Bruce BlytheAs of Nov. 30, the affluent Chicago neighborhood of Wrigleyville has a new Walmart Express store, which features a fresh food department just inside its entrance. Once rarer than World Series titles in the Windy City, Wal-Mart Stores are showing up with increasing frequency in Chicago.
The world’s largest retailer accelerated its Chicago expansion during 2011, opening three smaller-format stores within the city limits. Including a supercenter that opened on the city’s West Side in 2006, Wal-Mart now operates 20 stores in Chicago and the surrounding suburbs. Wal-Mart expects to add six additional, mostly smaller-format stores in Chicago by spring 2013.
Wal-Mart is already the nation’s biggest food retailer, and fruits, vegetables and other fresh products figure prominently in the Bentonville, Ark.-based company’s urban efforts. The recently-opened Chicago stores feature fresh food departments, including arrays of apples, lettuce and other produce just inside the entrances.
In July, Wal-Mart opened an Express store in the West Chatham neighborhood on Chicago’s South Side. At about 10,000 square feet, Express stores are one-tenth of the size of a typical supercenter, with food comprising about two-thirds of inventory. Urban stores will improve access to healthier foods in inner-city areas, Wal-Mart has said.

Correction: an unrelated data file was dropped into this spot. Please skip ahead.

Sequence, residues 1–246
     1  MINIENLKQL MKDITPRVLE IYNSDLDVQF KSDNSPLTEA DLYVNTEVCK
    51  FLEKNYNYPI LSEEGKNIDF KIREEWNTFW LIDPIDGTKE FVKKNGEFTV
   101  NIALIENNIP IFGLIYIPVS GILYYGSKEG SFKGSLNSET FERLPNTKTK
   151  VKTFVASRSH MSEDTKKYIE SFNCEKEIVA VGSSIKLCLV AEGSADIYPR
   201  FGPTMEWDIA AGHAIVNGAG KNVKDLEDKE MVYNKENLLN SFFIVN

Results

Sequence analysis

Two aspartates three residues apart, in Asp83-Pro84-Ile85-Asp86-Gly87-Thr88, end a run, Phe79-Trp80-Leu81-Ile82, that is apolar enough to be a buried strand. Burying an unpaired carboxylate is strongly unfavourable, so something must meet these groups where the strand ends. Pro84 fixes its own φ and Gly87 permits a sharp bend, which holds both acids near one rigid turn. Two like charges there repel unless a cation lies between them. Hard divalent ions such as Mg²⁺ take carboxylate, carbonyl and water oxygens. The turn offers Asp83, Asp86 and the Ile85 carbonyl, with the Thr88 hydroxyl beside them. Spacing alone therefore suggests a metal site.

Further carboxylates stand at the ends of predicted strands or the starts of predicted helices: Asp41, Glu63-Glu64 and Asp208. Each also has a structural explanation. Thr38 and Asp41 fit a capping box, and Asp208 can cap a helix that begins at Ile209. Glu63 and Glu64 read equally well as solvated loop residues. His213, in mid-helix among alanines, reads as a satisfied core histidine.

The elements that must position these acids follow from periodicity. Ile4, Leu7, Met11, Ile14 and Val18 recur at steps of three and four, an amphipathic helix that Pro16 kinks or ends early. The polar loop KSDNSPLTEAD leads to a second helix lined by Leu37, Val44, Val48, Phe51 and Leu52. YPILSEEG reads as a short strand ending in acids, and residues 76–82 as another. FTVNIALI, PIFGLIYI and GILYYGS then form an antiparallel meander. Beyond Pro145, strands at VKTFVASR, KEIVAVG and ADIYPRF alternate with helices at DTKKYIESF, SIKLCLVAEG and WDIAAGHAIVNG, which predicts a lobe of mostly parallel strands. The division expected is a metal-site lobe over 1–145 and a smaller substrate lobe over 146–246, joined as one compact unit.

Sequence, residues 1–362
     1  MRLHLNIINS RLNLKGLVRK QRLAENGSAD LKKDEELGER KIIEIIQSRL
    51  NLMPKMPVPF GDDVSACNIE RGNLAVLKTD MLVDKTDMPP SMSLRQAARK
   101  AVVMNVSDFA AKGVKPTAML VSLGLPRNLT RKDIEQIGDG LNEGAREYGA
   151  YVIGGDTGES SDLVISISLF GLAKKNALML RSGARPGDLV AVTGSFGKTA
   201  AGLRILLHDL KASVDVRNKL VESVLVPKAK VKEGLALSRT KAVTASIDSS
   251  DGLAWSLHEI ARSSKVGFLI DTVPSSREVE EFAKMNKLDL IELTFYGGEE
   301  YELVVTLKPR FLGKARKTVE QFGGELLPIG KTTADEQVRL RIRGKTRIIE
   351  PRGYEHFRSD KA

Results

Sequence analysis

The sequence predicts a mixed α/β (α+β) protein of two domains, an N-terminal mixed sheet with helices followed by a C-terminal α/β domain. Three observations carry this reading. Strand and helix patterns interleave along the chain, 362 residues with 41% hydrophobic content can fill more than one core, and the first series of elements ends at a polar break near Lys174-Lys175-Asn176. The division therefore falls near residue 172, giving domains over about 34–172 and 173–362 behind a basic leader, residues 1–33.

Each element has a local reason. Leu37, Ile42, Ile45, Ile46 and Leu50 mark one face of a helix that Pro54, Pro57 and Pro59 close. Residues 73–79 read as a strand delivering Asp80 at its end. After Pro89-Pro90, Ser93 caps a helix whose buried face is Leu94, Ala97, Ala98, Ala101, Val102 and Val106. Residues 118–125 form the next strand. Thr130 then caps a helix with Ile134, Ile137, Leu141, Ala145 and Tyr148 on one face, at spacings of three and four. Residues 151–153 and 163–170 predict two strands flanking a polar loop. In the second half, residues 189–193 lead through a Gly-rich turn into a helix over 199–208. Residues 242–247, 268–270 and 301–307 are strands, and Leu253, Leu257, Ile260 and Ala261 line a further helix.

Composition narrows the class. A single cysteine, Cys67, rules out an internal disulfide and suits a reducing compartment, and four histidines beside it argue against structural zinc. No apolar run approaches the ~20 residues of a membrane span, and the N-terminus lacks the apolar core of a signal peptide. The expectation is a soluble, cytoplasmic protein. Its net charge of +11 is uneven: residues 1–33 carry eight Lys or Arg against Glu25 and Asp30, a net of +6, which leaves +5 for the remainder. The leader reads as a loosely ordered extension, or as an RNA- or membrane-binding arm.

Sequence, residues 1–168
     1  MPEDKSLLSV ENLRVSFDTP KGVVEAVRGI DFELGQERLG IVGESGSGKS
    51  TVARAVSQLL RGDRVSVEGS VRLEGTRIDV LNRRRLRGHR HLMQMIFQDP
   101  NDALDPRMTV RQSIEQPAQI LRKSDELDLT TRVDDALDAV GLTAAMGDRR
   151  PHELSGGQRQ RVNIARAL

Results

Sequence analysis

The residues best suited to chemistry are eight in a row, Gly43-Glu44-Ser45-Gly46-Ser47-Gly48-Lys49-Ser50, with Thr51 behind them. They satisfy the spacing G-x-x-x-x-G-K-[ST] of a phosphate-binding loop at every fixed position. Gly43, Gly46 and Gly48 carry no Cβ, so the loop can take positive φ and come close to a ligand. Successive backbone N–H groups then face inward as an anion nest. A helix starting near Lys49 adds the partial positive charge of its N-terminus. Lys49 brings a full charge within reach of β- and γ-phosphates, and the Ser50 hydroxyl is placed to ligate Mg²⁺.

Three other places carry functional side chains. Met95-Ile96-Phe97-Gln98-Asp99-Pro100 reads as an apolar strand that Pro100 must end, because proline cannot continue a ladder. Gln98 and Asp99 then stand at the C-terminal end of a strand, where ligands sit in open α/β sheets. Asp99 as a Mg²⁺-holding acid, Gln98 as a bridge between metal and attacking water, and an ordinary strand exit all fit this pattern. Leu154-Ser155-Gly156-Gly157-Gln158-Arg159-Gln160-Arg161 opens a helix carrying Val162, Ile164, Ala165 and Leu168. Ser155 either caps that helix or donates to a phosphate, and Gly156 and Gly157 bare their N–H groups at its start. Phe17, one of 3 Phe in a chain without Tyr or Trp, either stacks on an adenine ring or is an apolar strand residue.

“With more than 600,000 Chicago residents living in underserved neighborhoods, we think our stores can be part of the solution for families that want more affordable fresh grocery options close to home,” Wal-Mart spokesman Steven Restivo said in an e-mail.
But Wal-Mart is also targeting some of the most affluent neighborhoods of Chicago, including Wrigleyville, where the company opened another Express location on Nov. 30. In September, Wal-Mart opened a 27,000 square-foot Neighborhood Market in West Loop, an office and residential area west of the downtown business district.
A third Express in Chicago, located about a mile south of the Wrigleyville store, is scheduled to open over the winter, Wal-Mart said.
The Express and Neighborhood Market are among the smaller, urban formats Wal-Mart is increasingly emphasizing amid slumping sales at its traditional supercenters, which are mostly in suburban and rural areas. As of July, Wal-Mart had 183 Neighborhood Markets and 2,939 supercenters.
In November, Wal-Mart said comparable U.S. store sales excluding fuel rose 1.3% during the previous quarter compared with the same period a year earlier. Before the most-recent quarter, Wal-Mart posted nine consecutive quarterly year-over-year sales declines.
Groceries account for over half of Wal-Mart’s U.S., with sales totaling nearly $141 billion last year.